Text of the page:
The agenda is out, and the FCC’s likely action on their Quadrennial Review of the multiple ownership rules now seems to be much clearer. And the decision seems likely to follow the rumors circulating in Washington for weeks (about which we have written here and here), with new regulatory wrinkles added to those previously suggested. According to a blog post by the FCC Chairman, the plans are for the FCC to attribute JSAs where one TV broadcaster sells more than 15% of the ad time on another station in its market (meaning that such a JSA is only permissible if the stations can be commonly owned). In addition, the Commission will prohibit TV non-commonly owned TV stations from jointly negotiating retransmission consent agreements with cable and satellite TV providers. A further review of Shared Services Agreement is apparently in the works as well. The Commission will apparently do nothing about the FCC’s cross-ownership rules, leaving in place rules prohibiting joint newspaper-broadcast cross ownership and even radio-TV cross-ownership rules, asking for comments on a proposal to actually retain those rules in a new Quadrennial Review that it will start on March 31.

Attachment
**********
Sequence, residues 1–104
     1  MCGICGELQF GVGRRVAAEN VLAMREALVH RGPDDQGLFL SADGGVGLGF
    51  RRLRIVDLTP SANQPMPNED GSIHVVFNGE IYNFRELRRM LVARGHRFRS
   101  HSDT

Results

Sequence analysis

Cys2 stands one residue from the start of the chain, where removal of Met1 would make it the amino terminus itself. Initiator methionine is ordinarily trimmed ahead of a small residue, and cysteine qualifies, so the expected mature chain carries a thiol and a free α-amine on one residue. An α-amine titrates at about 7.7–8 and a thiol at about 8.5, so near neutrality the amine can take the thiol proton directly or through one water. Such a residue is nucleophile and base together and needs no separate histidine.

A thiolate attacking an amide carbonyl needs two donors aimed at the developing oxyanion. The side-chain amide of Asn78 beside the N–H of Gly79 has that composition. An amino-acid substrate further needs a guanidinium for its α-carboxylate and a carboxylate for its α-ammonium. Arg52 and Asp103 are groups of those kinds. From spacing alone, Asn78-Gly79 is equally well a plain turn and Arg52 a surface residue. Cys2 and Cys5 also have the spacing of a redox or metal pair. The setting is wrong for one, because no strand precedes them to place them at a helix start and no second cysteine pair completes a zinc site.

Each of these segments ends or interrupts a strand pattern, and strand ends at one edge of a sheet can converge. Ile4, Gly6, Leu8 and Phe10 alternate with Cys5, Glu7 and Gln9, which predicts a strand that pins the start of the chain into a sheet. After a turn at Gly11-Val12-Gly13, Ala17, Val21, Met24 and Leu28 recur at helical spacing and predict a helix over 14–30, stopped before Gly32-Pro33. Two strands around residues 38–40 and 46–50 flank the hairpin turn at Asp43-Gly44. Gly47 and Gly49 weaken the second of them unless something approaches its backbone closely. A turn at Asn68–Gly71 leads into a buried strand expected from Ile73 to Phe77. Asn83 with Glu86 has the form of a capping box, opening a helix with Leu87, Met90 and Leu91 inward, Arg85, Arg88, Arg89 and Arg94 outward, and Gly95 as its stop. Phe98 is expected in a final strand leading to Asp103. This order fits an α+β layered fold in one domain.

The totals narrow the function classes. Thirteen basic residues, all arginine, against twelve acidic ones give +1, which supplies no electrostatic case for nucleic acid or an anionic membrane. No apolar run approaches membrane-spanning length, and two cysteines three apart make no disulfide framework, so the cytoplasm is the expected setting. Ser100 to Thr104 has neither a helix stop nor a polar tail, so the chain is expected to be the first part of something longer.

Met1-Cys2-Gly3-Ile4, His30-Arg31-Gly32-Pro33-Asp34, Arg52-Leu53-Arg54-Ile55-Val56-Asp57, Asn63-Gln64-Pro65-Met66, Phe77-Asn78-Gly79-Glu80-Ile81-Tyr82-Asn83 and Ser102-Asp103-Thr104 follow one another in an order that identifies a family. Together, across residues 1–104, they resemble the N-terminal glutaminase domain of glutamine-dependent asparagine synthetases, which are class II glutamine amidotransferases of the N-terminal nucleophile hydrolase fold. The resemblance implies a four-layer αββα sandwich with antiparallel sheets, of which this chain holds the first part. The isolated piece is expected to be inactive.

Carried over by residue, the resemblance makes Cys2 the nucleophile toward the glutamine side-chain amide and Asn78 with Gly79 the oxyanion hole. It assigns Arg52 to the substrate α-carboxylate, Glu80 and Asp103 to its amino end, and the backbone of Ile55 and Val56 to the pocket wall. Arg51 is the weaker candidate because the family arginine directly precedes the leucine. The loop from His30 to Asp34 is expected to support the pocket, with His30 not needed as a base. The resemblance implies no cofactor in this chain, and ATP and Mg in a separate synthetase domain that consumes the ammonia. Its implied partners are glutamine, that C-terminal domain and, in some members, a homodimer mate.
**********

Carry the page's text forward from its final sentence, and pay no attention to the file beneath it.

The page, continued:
Retransmission consent is also on the agenda. The agenda indicates that not only will the Commission ban joint negotiation of retransmission consent fees by stations involved in a JSA, but it will seek more information on other issues involved in the relationship between broadcasters and MVPDs (cable and satellite TV providers). Specifically, the Commission will look at whether to repeal the network nonduplication and syndicated exclusivity rules which prohibit MVPDs from importing TV signals that infringe on the exclusive rights held by a local station to network and syndicated programming. Were these rules to be abolished, to the extent that retransmission agreements permit it, distant signals might be imported by an MVPD when the MVPD and local television station were having a retransmission dispute, lessening the leverage of the local station from its ability to withhold its programming. Continue Reading